check it out- Var Mints on facebook. I won’t go, but you can.

I don’t see any venues opening anytime soon. Even then, how will people react to a SINGER? Run in horror? Come at me with torches and pitchforks? Mask-shaming on facebook? Yes, I have seen it.

I can barely picture sitting in a window box, like at Giovanni’s, as customers drift by or stand on line to pick up to-go orders. Maybe a stage way at the back of an empty 30-foot patio? There are no festivals for the foreseeable, even outdoors. The sandwich board at Caffe Chiave still says “Live Music”, but it is only a shadow of the past. The Missouri Lounge is gone.

It is a New World.

please wait here–forever

shelter in place

5.12.20
We are livin the life here in Canyon, I planted two apple trees and a bunch of pepper and cherry tomato plants, beets, onions and whatnot, wiring everything against the marauding deer.  I am scrounging soil from everywhere to build up terraces over the rocky subsoil.  Art built a sawbuck and uses my chainsaw to make firewood (and sawdust) of the many redwood and bay branches and random long pieces of old lumber that are scattered everywhere.  It’s great to be able to get so much done, without all the pesky distractions of public life.  new garden

sawbuck

Art and I joined an online video chat/party with some other folks, they gather often but we only attended once,  for about an hour.  Some people go on and on, some not speaking at all, devolving into the same talk of cures and illnesses and other distressing foolishness I prefer not to partake of.  When I go to a party, I usually hang out in the garage with the stoners– a group of 12 people is too much.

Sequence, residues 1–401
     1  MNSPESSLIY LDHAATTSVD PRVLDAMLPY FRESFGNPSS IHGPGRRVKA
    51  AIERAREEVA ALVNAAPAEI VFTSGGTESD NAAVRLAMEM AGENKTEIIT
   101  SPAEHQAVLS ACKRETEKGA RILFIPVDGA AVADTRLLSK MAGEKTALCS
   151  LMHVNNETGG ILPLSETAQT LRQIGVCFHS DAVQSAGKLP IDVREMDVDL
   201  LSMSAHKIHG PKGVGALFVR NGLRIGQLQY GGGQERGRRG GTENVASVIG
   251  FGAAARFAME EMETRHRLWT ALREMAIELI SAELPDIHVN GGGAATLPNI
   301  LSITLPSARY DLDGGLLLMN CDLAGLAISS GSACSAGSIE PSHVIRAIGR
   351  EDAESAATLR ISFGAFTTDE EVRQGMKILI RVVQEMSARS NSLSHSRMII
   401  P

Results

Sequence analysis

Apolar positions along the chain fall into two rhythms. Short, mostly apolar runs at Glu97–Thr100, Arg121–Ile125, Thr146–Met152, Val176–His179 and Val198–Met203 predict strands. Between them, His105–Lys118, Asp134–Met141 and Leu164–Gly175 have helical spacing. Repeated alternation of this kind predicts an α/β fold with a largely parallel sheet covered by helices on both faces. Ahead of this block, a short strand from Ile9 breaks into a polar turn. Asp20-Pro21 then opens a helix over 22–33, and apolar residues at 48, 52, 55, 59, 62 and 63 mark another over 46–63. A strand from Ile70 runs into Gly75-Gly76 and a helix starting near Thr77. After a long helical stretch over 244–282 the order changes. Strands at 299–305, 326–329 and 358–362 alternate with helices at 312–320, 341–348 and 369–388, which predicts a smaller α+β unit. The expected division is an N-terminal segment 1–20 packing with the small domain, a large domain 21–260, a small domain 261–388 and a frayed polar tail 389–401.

pink chairNow and then I spend two or three days in Berkeley, where it is clean civilized and quiet, mostly (avoiding the front doorknob is a challenge)-Stuff to do there, too!

I do a little garden work, though with not much enthusiasm.  I am enjoying being retired, cutting back but not eliminating.

I have been visiting back and forth with Joanie and working up more of her songs.  Art injured his arm just as the lockdown happened, so he has barely played his accordions since, daily practicing electric guitar on youtube.

As I have the Capricorn stellium moving into my 12th house, I am setting up my retreat, practicing hermitage in my understory studio, befriending little black scorpions that live under every wooden structure here–plus moles? voles?

roofing house

birthday

5.4.20

out my window 4.16.20

prompted to draw “from my window” for a Canyon Draws facebook site, here is the view from my chair by the woodstove.

Meanwhile, starting a sign to hang down the road, thanks to radio podcasts about the history of Canyon, and random people driving through to see the hippies.

This about sums it up.

no exit

On and On

What day is it?  No one knows.  Oh, my computer knows–4.12.20

The shelter in place has been extended, the Plough has a go-fund-me site, and raised $30,000 to keep from going under.

moon trees